Hunting Works For Illinois launched to promote economy, hunting

“When looking at the economy of Illinois, it’s hard to ignore the size, scope and impact of hunters, hunting and the shooting sports,” said Mark Denzler, COO of the Illinois Manufacturers Association and a co-chair of Hunting Works For Illinois. “Quite frankly, hunters spend millions of dollars each year in Illinois, and much of that money goes to local business owners and entrepreneurs. It’s true that hunters shop at Cabela’s and Bass Pro, but hunters frequently support locally-owned sporting goods stores, hardware stores, gas stations, restaurants, hotels, and cafes all across Illinois.”

Bill Fleishli, Executive Vice President of the Illinois Petroleum Marketers Association, shared vital statistics on the economic impact: “With 512,000 hunters spending an average of $2,400 a year in Illinois, Hunting Works For Illinois highlights the impact these hunters have on the state economy. In fact, Illinois hunters spend over $273 million on hunting trips and over $235 million on equipment. All told, hunters spend $1.3 billion annually in the state of Illinois.”

While the economic contributions of hunters are considerable, hunter spending also largely contributes to state conservation efforts. In 1937 the Pittman-Robertson Act was signed by President Roosevelt. This Act made it so hunters pay an 11 percent excise tax on equipment sales that is used to conserve and restore habitat.

“Hunting is extremely important to the overall health of Illinois’s wildlife populations and their habitats,” said Brittany Henry, Executive Director of the Jacksonville Convention and Visitors Bureau and one of the co-chairs of Hunting Works For Illinois. “Hunters not only support jobs and the economy, but the money hunters spend on their licenses and stamps, as well as the taxes they pay on equipment is all earmarked for conservation. That conservation translates into the beautiful wild places we have for people to not just hunt, but to hike, camp or go birdwatching.”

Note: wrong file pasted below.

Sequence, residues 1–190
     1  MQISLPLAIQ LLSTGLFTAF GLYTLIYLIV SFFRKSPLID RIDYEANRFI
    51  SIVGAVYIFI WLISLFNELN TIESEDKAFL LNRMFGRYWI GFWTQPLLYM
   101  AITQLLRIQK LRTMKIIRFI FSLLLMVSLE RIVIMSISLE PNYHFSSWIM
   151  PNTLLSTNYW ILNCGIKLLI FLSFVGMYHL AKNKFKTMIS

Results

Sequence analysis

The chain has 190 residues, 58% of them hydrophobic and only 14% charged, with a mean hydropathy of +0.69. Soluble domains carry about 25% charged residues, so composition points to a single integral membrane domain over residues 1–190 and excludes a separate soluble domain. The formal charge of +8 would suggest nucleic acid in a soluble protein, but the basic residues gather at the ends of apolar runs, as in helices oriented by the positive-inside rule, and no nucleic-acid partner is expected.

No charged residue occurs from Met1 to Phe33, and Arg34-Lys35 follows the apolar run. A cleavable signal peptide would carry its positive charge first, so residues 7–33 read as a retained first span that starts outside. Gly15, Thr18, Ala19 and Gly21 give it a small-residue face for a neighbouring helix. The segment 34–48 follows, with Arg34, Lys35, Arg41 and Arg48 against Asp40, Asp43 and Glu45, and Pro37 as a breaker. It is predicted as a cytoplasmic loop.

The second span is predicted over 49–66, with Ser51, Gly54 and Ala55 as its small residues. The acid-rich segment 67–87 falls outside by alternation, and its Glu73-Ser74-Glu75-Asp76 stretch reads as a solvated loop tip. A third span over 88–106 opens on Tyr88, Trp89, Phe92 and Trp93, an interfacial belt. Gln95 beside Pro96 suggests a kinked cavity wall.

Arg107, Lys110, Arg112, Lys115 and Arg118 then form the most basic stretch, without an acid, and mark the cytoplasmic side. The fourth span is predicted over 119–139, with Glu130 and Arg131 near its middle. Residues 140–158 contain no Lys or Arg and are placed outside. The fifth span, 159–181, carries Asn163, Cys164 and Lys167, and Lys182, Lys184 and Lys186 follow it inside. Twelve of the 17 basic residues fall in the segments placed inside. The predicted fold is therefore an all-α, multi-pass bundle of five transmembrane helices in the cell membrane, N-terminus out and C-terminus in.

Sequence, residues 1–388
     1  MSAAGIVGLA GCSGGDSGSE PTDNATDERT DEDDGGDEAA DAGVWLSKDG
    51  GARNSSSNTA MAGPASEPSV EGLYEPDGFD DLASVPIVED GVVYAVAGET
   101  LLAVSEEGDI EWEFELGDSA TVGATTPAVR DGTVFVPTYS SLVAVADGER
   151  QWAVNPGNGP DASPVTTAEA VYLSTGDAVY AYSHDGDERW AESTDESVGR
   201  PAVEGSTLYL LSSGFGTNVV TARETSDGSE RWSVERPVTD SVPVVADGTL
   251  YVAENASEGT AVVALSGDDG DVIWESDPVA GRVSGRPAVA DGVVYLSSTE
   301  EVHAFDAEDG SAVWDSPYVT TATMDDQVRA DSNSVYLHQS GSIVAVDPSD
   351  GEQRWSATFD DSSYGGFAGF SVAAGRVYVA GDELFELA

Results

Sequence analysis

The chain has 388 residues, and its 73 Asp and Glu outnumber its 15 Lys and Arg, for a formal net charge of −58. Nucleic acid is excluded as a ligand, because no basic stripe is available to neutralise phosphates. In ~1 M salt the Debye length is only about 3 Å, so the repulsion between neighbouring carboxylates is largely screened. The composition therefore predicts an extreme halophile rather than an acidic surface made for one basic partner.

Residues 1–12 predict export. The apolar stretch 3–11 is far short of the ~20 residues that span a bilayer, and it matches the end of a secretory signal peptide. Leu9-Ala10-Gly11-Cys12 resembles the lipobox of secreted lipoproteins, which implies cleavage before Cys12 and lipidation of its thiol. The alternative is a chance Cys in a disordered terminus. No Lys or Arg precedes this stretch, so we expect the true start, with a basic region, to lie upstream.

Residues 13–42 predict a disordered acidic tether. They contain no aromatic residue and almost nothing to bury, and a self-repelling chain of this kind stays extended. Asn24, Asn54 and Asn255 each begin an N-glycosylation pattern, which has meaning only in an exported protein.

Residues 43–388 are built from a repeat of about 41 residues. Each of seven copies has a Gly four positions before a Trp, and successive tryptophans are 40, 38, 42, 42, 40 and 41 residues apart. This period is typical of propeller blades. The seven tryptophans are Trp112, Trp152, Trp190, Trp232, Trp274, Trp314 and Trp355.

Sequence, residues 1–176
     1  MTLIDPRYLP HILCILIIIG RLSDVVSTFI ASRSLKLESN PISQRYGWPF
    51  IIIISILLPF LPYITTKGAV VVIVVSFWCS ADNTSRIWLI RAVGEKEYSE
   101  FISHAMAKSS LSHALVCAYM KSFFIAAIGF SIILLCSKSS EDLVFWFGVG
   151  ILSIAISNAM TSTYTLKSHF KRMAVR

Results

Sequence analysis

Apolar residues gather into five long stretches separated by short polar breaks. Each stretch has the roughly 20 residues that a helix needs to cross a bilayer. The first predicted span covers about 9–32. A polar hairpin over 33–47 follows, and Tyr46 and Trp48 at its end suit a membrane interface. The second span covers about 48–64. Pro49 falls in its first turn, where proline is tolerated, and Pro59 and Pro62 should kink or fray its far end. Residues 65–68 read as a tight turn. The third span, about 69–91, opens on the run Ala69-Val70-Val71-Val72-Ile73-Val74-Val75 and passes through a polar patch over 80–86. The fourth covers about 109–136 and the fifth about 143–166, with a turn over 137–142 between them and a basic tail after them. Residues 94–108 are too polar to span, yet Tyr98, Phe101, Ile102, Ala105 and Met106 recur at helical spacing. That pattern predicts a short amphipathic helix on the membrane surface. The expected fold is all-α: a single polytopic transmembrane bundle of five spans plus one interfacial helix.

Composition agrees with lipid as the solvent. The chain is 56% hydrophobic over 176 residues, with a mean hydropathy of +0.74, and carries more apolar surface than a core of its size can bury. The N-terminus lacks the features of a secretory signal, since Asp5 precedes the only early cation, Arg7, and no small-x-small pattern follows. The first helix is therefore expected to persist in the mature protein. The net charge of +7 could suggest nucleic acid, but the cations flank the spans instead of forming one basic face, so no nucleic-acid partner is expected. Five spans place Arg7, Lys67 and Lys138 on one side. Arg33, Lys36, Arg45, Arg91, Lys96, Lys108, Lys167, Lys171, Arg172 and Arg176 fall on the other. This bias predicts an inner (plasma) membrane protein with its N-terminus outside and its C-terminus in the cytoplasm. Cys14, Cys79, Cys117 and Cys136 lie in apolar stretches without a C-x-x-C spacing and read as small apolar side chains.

The newly formed Hunting Works For Illinois partnership has over 50 partner organizations and will be adding dozens more in the weeks and months to come. The effort is supported by sporting organizations such as the National Shooting Sports Foundation. Hunting Works For Illinois and its partners will be active in the state, attending events and educating the public and elected officials on why hunting and the shooting sports are so important to Illinois’ economy.

“We all benefit from a robust hunting heritage in Illinois,” said Peter Skosey from BNSF Railway and a co-chair of Hunting Works For Illinois. “I am very excited by what this group of unusual partners can get done on behalf of the hunting and shooting sports.”

Hunting Works For Illinois Hunting Works For Illinois is a local grassroots partnership of organizations focused on hunting and the economics derived from these activities. Hunting Works For Illinois members are advocates for public policy who support jobs and economic prosperity. As a grassroots organization we explain the role that hunting and the shooting sports play in both the heritage and economic health of Illinois.

For more information on Hunting Works For Illinois, please visit

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SOURCE Hunting Works For Illinois

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About the Author: Bob Cooper

Bob Cooper is Canadian Business Tribune''s senior editor. He is also a nationally syndicated newspaper columnist and a bestselling author. He lives in London Ontario and covers the intersection of money, politics and finance. He appears periodically on national television shows and has been published in (among others) The National Post, Politico, The Atlantic, Harper’s,, Vice and He also has served as a journalist and consultant on documentaries for CBC and Global News . In 2014, he was the winner of the Society of American Business Editors and Writers' investigative journalism award, and the winner of the Izzy Award for Journalism from Ithaca College's Park Center for Independent Media. He was also a finalist for UCLA's Gerald R. Loeb Award and Syracuse University's Mirror Award. Before becoming a journalist in 2006, Sirota worked in Washington for, among others, U.S. Rep. Bernie Sanders, the U.S. House Appropriations Committee Minority Staff and the Center for American Progress.